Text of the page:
Wall Street Journal Names Companies Affected By Tenacious Chinese Hackers
An IBM data center. (Source: IBM)
A persistent question over the past several years is which managed service providers were affected by APT10, the tenacious Chinese hacking group that has plundered organizations for three years.
That’s proved to be a difficult nut to crack, owing to the sensitivity around big-name IT companies falling victim to highly skilled Chinese-backed attackers.
Cracking open a managed service provider offers opportunity to snoop for that companies’ clients, opening a door to rich data. Acknowledging a hack – and describing its full scope – could also be damaging to an MSP’s reputation.
But a Wall Street Journal investigation on Monday has revealed new companies affected by the group, whose specific targeting of managed service providers is often referred to as Cloud Hopper attacks.
Managed service providers are an attractive target, as enterprises contract out for hosting, security monitoring, storage and more. That’s in part why the Cloud Hopper attacks so alarmed security experts, especially as organizations increasingly adopt cloud services.
The Journal reports that at least a dozen cloud providers have been hit, including Canada’s CGI Group, the Finnish IT services company Tieto Oyj and IBM. Those companies’ clients include Rio Tinto, Philips, American Airlines, Deutsche Bank, Allianz and GlaxoSmithKline, the Journal reports.
US Navy Records Stolen
The Journal’s investigation builds on a scoop by Reuters a year ago.
At the time, Reuters reported IBM was a victim along with Fujitsu, Tata Consultancy Services, NTT Data, Dimension Data, Computer Sciences Corp. and DXC Technology, which was created when Hewlett Packard Enterprise (HPE), also a victim, merged with CSC (see Cloud Hopper: Major Cloud Services Victims Named).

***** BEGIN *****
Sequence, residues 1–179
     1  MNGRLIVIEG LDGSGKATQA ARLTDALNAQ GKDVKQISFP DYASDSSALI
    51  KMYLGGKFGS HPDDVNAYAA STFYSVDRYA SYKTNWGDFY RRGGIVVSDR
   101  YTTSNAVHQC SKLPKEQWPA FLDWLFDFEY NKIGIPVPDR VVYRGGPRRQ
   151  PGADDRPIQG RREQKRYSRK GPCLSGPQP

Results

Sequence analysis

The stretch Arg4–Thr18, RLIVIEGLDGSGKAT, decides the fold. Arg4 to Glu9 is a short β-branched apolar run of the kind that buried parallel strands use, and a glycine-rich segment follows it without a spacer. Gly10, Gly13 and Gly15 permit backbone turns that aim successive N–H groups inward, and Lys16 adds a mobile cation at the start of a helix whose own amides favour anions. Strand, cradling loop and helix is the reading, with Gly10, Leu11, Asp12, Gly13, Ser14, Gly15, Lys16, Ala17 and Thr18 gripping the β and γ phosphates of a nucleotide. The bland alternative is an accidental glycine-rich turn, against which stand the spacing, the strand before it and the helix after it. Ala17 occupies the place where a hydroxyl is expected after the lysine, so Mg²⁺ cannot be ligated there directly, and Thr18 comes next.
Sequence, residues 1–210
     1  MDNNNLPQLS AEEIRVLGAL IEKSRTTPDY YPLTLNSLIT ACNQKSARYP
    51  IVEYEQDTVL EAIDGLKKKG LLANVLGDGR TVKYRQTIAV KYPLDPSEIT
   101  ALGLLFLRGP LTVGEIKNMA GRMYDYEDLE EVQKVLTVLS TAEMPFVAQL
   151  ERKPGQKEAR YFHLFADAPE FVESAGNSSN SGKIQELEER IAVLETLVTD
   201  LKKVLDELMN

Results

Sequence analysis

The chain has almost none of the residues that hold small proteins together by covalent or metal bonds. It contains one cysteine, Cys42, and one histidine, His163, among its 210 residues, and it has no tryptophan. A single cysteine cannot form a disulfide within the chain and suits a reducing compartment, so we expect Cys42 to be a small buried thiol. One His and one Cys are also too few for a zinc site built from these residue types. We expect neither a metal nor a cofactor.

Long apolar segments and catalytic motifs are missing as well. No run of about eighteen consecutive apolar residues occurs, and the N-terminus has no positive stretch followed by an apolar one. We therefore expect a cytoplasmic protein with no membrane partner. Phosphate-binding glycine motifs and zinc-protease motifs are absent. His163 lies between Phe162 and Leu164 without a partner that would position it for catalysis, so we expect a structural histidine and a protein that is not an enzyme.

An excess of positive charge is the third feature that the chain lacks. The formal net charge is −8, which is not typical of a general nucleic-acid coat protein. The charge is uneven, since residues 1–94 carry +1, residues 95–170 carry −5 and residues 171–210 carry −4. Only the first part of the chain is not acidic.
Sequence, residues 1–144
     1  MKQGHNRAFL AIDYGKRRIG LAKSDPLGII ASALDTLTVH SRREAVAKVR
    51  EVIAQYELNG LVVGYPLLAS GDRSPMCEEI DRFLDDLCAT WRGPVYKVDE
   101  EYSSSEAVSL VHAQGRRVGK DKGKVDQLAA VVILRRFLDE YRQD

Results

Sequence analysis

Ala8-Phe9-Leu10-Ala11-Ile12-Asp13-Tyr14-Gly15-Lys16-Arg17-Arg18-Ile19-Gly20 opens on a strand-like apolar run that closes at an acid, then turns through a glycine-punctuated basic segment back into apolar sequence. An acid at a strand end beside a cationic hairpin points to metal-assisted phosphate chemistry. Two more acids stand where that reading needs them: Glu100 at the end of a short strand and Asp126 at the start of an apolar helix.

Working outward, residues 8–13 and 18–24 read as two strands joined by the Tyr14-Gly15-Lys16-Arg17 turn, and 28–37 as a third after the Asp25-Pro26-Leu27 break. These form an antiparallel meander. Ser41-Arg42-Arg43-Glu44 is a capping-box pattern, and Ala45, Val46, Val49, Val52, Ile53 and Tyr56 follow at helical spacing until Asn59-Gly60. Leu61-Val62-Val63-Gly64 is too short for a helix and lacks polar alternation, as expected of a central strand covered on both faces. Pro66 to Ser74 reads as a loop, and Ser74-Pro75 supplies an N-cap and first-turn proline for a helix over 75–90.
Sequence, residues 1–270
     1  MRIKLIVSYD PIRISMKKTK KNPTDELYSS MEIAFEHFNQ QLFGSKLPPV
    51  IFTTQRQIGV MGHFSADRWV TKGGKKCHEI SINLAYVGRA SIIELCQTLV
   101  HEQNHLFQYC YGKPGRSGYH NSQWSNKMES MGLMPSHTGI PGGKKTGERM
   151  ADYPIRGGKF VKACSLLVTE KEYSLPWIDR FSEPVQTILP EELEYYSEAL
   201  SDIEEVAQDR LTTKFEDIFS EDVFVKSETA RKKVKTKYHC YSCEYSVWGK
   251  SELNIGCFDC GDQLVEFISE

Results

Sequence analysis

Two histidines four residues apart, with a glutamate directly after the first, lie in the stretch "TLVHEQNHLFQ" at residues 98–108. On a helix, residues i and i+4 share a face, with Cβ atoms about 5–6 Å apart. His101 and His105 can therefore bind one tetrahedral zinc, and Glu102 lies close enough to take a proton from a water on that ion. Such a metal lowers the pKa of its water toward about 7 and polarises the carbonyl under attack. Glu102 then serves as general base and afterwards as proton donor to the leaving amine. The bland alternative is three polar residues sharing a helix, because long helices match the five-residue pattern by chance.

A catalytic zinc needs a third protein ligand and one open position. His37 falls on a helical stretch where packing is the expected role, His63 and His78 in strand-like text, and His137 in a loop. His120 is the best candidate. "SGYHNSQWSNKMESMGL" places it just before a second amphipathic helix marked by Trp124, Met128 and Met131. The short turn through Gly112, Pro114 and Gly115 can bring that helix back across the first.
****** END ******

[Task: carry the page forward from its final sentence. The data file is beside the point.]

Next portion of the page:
Among the new findings in the Journal’s report is that the U.S. government believes APT10 took personal records for 100,000 U.S. Navy personnel.
Part of the problem around Cloud Hopper has been the reluctance of managed service providers to fully disclose to their clients if they’ve been affected, the Journal reports. One anonymous investigator told the Journal: “It was like trying to pin down quicksand.”
Australia and the U.S. also issued warnings about APT10 and Cloud Hopper. The U.K.’s National Cyber Security Centre even issued a somewhat unusual advisory in April 2017 telling organizations that they should not accept assertions from their managed service providers related to Cloud Hopper, but rather “demand evidence.”
“MSPs who are unwilling to work closely with customers or unwilling to share information with you should be treated with extreme caution,” the NCSC writes.
There’s been plenty of warning as well from private security companies and government agencies. A joint report from PwC and BAE Systems in April 2017 – a few months after Cloud Hopper was identified – warned that APT10’s “compromise of MSP networks has provided broad and unprecedented access to MSP customer networks.”
The attacks often start with spear-phishing emails containing malicious attachments. Even when MSPs have detected Cloud Hopper attacks, it has proven difficult to kick the attackers out. The Journal reports that HPE, which has been battling APT10 for five years, would see the group sneak back in after the systems had been cleaned.
Quieter, But Still Active
The U.S. government has been active in trying to call out APT10. In December 2018 it unsealed an indictment against two Chinese men, Zhu Hua and Zhang Shilong (see 2 Chinese Nationals Indicted for Cyber Espionage).
The government alleges that they worked for the Huaying Haitai Science and Technology Development Company, which acted in association with the Chinese Ministry of State Security’s Tianjin State Security Bureau.
The FBI’s wanted poster for two Chinese men accused of being part of APT10.
As part of APT10, prosecutors allege the two men since 2006 hacked the networks of 45 technology companies and U.S. government agencies. They were charged with wire fraud, aggravated identity theft and conspiracy to commit computer intrusions.
The men haven’t been arrested. The U.S. does not have an extradition treaty with China. Unless the two men travel outside China to a country that does, they will likely never be prosecuted.
Nonetheless, the U.S. has lodged criminal complaints against Russian and Chinese hackers, in part to bring public attention and pressure about attacks against U.S. organizations.
The Journal reports that it is unknown just how much data APT10 has stolen with Cloud Hopper. The group’s activity has declined over the past year, it reports. However, the security company SecurityScorecard still sees IP addresses pinging what is believed to be APT10 infrastructure, the Journal reports.